Once you have seen the requirements of the state in which you are hoping to practice, you can then pursue your higher degree.
During your master's degree, and later your doctorate, you can begin narrowing down on the field of focus that you would like to pursue. This will assist you in devising research topics for your higher degrees, as well as assist you in selecting and completing relevant coursework that will benefit you in the area on which you hope to focus.
Step Three: Obtain Field-Related Experience
At its basis, clinical psychology is a medical practice. It is therefore not a surprise that before beginning to fulfill your duties as a clinical psychologist or assuming a role as one, that you are expected to obtain some form of experience under the supervision of a more experienced senior.
Once you have obtained your qualifications, some states may require you to do fieldwork in the form of internships or residencies before you are deemed qualified to take up the role of a practicing clinical psychologist.
It is also important not to underestimate the value of volunteer work and community service as all these services will allow you to receive practical training in an extremely hands-on career.
Step Four: Obtain Your License And Certification
It is extremely important to be aware of your state's requirements when pursuing a career in clinical psychology. You may be required to take a qualifying examination to be licensed and certified as a clinical psychologist.
Additionally, you would need to obtain certification through the American Board of Professional Psychology.
Step Five: Maintain Your License And Certifications
In order to maintain your license or successfully renew your license in the state where you are practicing as a clinical psychologist, you will be required to attend continuous training, seminars, and conferences throughout your career.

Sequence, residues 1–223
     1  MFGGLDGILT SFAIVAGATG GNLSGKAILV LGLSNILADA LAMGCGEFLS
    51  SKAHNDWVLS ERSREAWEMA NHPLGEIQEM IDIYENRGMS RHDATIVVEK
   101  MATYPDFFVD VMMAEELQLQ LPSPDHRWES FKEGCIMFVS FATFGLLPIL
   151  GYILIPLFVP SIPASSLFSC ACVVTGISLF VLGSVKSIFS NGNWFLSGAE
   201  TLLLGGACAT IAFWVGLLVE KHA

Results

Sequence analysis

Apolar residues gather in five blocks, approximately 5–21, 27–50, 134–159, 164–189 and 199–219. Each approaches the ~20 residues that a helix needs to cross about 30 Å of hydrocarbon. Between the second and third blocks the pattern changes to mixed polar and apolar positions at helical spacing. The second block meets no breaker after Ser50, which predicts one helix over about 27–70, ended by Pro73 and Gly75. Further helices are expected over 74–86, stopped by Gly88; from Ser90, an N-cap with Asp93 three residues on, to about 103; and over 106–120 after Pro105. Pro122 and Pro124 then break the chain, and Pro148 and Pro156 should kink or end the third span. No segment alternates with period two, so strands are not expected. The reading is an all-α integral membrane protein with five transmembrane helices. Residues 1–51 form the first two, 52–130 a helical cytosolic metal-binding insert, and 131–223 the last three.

This ensures that you stay abreast with the industry updates that happen in the field of psychology.
What Degree Do You Need To Be A Clinical Psychologist?
While in some cases, a master's degree may suffice, it is generally accepted that to become a practicing clinical psychologist, you would need to earn a doctoral degree in psychology.
What Is The Average Salary For Clinical Psychologists?
According to the U.S. Bureau of Labor Statistics (BLS), clinical and counseling psychologists earn an average annual salary of $99,640.
What Makes A Good Clinical Psychologist?
The primary focus of your job would be to help people. The role of a clinical psychologist is extremely people-centric so it would be important for you to be a people person. You would also need to have a deep yearning to help others get through the difficulties and challenges that they may face.
You would need to possess the innate traits of empathy and a genuine concern for others.
What Is The Job Outlook For Clinical Psychologists?
According to the BLS, the job outlook for psychology expects to see an 8% projected growth between 2020 and 2030.
How Many Years Does It Take To Become A Clinical Psychologist?
If you consider the length of time it would take to complete a bachelor's, master's, and doctoral degree, in addition to completing your required field-related experience, it can take between eight and twelve years to become a clinical psychologist.
What Is The Difference Between A Clinical And A Counseling Psychologist?
Clinical psychologists look at the psychopathology of mental illnesses and mental diseases. They work towards diagnosing and devising treatment plans for mental ailments. On the other hand, counseling psychologists serve to do just that – counsel patients through emotional, social, and behavioral challenges that they may face and that may serve as stressors in their lives.
Is A Clinical Psychologist A Doctor?
Clinical psychologists are not, in fact, doctors. While they do treat the mind, they do not conduct blood tests or other physiological assessments on patients, and they focus solely on the mind.
As with all career paths, most people pursue it from a place of deep passion. This is one of those careers that requires a lot of work on your part, but it is extremely rewarding if this is your passion.